Belly Button Infection
Treating A Belly Button Infection
A belly button infection, medically a navel infection, is probably more common than most people think, simply because, depending somewhat on how it was formed, it can be a breeding ground for fungal and bacterial infections.
Infants are sometimes at a risk, as once they discover they have a belly button, there's a natural tendency to explore it, which usually means sticking a finger in it if it forms a depression (called an "innie"), or just poking or pulling at it if it is a protrusion (called an "outie"). The "innie" is the type more susceptible to infection since more stuff collects there.
My belly button, an innie, was a wonderful lint collector. I say was, because the daily shower tends to take care of the lint now, but when I was young it was the twice-weekly bath. Lint seemed to be there for the sole purpose of being picked out, and I was forever being reminded by my mother, or one of my aunts - "don't pick at your belly button or you'll have to go to the doctor". Of course no kid, or adult, really wants to have to see a doctor because of a navel problem. The first thing the doctor might ask is "have you been picking at it?"
Lint And Moisture - At some point in time I stopped picking lint and never suffered from a belly button infection, but others have, most often in the form of a fungal infection, as fungus loves warm, dark, and damp places. Lint, as it turns out usually isn't the culprit. Moisture is. Even an outie, the protruding belly button, can have dark folds which can trap moisture, though the innie practically invites moisture to accumulate. An accumulation of lint doesn't help matters however, as the lint can serve to trap and hold in moisture which otherwise might dissipate under normal circumstances. People who practice good hygiene, including taking a daily shower, can still get a belly button infection if they fail to dry the navel, although that is not terribly likely. Periodic washing and drying the belly button area is usually the best means of prevention, and is certainly preferable to picking out lint or going at your belly button with an ear swab (not recommended). It's not much different from failing to keep the area between your toes dry and ending up with a case of athlete's foot.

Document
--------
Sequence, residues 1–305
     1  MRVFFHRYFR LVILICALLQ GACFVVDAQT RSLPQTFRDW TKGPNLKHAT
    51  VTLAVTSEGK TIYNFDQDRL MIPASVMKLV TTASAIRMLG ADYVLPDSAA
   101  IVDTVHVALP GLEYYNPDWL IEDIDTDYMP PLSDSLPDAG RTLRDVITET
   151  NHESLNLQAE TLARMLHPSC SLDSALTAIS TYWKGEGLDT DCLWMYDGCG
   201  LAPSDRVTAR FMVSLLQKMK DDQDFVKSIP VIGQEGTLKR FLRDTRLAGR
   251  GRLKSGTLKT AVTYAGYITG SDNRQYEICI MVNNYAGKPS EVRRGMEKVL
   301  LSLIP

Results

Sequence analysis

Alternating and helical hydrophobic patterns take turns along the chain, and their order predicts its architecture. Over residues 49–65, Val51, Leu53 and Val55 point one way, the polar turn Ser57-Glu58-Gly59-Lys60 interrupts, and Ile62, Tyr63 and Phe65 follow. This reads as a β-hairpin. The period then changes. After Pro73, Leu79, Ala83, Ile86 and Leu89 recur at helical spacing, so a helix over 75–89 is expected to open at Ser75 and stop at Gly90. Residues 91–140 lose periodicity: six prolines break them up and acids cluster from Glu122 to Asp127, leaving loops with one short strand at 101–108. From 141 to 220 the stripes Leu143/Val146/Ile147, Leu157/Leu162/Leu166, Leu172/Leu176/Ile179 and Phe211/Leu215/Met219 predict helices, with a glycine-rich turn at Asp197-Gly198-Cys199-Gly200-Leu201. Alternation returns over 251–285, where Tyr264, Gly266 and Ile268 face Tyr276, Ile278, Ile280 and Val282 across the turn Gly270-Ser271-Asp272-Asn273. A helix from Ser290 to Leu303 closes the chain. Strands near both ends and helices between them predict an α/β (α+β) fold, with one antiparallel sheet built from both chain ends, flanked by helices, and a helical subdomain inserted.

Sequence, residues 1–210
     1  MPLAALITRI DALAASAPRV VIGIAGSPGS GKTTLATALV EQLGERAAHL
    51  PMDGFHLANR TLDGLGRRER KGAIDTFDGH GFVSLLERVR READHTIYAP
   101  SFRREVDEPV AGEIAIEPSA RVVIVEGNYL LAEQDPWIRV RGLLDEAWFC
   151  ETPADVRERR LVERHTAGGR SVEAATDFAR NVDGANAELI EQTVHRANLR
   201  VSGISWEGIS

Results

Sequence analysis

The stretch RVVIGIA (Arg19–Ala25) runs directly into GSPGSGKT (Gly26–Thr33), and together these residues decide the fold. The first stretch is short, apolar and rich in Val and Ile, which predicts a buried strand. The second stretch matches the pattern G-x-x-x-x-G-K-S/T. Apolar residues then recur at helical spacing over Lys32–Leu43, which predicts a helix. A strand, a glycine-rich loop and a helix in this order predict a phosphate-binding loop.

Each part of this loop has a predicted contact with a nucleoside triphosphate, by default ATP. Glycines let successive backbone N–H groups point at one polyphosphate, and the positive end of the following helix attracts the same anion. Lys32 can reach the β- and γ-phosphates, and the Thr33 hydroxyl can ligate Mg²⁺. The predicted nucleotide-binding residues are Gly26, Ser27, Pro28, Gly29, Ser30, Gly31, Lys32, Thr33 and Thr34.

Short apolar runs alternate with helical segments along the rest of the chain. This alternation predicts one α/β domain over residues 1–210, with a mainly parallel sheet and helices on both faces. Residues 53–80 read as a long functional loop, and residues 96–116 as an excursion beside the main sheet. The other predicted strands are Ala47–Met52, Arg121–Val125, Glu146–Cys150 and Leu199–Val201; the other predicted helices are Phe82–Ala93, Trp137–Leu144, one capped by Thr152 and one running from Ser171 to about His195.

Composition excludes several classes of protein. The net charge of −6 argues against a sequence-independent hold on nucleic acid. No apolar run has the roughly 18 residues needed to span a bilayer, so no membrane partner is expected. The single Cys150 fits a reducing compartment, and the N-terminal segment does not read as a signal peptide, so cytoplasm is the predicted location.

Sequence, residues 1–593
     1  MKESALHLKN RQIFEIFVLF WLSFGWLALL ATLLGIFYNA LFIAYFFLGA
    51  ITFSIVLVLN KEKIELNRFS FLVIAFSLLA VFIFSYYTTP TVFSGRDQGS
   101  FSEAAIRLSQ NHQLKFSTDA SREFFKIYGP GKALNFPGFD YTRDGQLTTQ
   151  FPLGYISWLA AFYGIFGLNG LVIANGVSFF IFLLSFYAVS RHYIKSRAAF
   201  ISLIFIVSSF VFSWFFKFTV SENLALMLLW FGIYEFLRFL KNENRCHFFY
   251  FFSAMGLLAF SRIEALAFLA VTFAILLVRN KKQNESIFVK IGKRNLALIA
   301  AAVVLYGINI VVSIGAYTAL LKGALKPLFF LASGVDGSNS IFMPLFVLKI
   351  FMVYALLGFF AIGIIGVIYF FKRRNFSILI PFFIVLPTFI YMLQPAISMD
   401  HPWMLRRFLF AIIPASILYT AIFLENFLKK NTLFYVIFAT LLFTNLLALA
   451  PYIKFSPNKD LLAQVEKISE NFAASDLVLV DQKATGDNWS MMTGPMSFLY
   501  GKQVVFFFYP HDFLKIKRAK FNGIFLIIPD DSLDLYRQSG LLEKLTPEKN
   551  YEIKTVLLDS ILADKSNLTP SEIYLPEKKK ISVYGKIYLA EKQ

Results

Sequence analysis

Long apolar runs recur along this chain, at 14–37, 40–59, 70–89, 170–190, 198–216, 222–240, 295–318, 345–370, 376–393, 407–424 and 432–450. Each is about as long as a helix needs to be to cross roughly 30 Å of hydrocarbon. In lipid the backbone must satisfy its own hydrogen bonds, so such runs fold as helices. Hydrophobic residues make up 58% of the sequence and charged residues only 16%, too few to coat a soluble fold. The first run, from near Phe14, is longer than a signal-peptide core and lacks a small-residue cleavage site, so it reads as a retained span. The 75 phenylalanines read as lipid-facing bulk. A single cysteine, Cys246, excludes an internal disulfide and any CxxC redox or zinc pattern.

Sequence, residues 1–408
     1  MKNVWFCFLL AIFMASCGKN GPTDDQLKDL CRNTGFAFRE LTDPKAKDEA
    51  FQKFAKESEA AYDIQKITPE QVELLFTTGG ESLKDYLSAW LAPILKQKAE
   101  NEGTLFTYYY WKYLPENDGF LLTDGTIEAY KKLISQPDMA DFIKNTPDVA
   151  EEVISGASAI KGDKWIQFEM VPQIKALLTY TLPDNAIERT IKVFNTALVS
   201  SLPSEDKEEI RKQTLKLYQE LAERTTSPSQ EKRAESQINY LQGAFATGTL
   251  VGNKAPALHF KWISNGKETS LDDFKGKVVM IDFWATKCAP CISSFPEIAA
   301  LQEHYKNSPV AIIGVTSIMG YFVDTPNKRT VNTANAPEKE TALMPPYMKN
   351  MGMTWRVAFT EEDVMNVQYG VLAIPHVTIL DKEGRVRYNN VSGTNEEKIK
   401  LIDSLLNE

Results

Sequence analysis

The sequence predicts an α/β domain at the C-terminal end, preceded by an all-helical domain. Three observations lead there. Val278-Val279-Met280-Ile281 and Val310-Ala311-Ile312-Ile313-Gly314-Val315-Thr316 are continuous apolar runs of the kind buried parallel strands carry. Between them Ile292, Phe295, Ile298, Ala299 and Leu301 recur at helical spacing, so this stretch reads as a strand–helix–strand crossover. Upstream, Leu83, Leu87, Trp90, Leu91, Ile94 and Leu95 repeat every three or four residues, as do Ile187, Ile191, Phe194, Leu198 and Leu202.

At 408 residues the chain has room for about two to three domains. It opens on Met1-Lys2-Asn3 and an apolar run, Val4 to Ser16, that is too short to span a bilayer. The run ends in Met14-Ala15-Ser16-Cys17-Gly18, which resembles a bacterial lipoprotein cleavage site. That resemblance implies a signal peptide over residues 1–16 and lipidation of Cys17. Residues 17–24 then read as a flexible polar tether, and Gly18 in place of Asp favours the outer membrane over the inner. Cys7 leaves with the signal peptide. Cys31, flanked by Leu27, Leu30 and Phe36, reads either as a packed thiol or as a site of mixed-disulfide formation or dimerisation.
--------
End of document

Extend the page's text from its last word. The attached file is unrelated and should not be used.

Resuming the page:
Fungus And Bacteria - While a fungal infection is more likely than a bacterial infection (you can actually have both simultaneously in some instances), a bacterial infection can set in if there is a small wound in the area, if the belly button has been scratched or otherwise irritated, or if it has been pierced and the piercing becomes infected. The latter is one of the more common causes of belly button infection in adults.
While our navel is not a vital organ, if it does become infected it can sometime make us feel unwell, as can any bad infection. An inflamed belly button often carries with the redness or soreness feelings of nausea.
A mild form of infection, especially if it is a fungal infection, can usually be treated at home. The navel can be washed with a saltwater solution, a vinegar solution (white vinegar is best), or treated with hydrogen peroxide. Just make certain to dry the area after treatment. In those cases where a bacterial infection is present together with a fungal infection, treating the fungal infection will usually take care of the bacteria as well.
Worst Case – See Your Doctor - In cases of a severe infection, especially if there is bleeding or the presence of pus it's always best to see a doctor (even if you have to swallow your pride and admit you've been picking at it or you've had it pierced). Your doctor will in any event probably be more forgiving than your mother or aunt might be. The usual treatment in this case will often be a prescribed antibiotic.
If you do treat an infected belly button yourself, avoid cremes or lotions that might tend to block the pores, as that could make matters worse. Use water based lotions or simply soap and water, and at the risk of being repetitious, dry the area well.